BJP rebels win, Shettar set to be K'taka CM

The central leadership of the Bharatiya Janata Party (BJP) has decided to replace the Karnataka chief minister D V Sadananda Gowda with Jagdish Shettar to diffuse the crisis prevailing in the state unit. After a compromise was reached with the rebel camp, headed by the former chief minister B S Yeddyurappa, on Monday, nine state ministers withdrew resignation on Monday. According to sources close to Yeddyurappa, 'an announcement to his effect will be made in two to three days.'

Shettar is all set to replace Gowda with the backing of Yeddyurappa. Incidentally, Shettar's elevation to the much-coveted office was contested by Yeddyurappa last August, when the latter was forced to resign following his indictment by the Lokayukta in a corruption case. The change of guard, however, may be delayed till the presidential poll, though the Yeddyurappa camp insists that 'it could be a matter of three or four days'. The nine rebel ministers have been persuaded by the BJP emissary Dharmendra Pradhan to visit Delhi to 'discuss and resolve' the issue pertaining to leadership.

The decision to replace Gowda comes as he has been unable to contain party's slide in the state. The loss in the the Udupi Chikmagalur Lok Sabha bypolls, vacancy for which had arisen following the election of Gowda as chief minister, proved to be the turning point. A close associate of Yeddyurappa, Gowda fell out with his predecessor after he tried to free himself from the apron strings of the former chief minister.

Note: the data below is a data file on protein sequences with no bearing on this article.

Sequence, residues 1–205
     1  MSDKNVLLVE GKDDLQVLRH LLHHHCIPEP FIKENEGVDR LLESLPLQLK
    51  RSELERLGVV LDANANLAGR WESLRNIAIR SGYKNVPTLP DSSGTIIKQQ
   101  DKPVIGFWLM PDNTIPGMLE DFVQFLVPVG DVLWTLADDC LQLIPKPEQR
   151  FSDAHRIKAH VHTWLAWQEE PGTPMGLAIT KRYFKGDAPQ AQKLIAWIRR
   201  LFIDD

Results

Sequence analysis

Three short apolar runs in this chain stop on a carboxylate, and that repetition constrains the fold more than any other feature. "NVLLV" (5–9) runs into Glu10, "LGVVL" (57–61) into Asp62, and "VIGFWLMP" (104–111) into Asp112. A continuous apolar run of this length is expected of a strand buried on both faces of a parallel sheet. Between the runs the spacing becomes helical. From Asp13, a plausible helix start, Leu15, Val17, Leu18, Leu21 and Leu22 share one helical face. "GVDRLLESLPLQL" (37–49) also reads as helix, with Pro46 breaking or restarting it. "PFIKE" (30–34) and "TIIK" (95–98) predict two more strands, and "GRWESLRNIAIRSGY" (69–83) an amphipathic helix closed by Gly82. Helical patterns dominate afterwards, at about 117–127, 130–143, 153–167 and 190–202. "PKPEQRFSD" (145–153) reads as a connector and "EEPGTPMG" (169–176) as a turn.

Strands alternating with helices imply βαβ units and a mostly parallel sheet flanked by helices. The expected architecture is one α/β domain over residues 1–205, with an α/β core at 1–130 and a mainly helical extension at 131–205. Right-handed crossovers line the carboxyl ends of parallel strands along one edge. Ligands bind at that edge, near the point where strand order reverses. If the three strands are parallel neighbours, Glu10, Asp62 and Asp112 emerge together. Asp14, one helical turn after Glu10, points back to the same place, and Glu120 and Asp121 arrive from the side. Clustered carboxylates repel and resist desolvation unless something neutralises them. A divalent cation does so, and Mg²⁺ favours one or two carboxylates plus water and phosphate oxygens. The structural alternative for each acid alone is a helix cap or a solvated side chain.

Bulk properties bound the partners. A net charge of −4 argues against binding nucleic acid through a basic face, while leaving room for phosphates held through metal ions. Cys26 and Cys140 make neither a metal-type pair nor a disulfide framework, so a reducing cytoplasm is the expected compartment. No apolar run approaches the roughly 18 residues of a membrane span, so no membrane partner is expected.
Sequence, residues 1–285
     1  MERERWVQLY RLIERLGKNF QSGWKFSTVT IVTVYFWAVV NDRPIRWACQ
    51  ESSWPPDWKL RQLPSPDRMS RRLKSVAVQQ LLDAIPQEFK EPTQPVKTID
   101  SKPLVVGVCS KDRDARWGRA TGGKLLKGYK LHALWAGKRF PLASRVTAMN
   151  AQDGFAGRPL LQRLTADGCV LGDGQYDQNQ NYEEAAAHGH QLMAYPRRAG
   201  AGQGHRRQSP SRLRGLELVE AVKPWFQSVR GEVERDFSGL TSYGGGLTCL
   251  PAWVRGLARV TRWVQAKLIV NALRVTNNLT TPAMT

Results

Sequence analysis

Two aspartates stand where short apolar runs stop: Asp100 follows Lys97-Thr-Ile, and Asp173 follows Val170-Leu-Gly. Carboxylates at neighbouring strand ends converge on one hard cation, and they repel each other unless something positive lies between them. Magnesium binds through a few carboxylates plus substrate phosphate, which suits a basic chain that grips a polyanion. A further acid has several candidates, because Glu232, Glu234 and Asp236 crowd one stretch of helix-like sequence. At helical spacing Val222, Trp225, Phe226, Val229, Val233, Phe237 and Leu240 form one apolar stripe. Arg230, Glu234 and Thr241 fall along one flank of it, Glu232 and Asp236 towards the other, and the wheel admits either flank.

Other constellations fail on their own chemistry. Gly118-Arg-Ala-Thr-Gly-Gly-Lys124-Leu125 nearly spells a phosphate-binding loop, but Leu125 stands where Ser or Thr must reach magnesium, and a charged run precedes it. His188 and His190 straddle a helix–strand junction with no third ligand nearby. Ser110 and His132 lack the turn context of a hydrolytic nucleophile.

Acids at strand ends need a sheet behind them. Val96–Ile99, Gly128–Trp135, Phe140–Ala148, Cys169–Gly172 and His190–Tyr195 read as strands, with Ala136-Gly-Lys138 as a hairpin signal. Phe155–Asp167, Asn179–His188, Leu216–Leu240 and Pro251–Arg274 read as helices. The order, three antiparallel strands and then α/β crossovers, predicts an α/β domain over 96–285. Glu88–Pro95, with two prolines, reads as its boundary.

Gowda is also charged to have alienated the politically powerful Lingayat community, the mainstay of BJP in the state. Gowda was increasingly being seen as cosying up to fellow Vokaligga and Janata Dal (Secular) leader H D Deve Gowda. At one point of time, a section of the central BJP leadership toyed with the idea of once again tying-up with the Gowda clan and show door to Yeddyurappa. However, the move was nipped in the bud.

In the headcount within the legislature party last August, Shettar had trailed Gowda by mere seven to eight votes. Yeddyurappa had opposed his elevation then, fearing that a fellow Lingayat as chief minister could eclipse his influence in the community. However, the two decided to bury the hatchet to take on the 'common enemy' in the Gowda clan, whom the present chief minister is believed to be courting.
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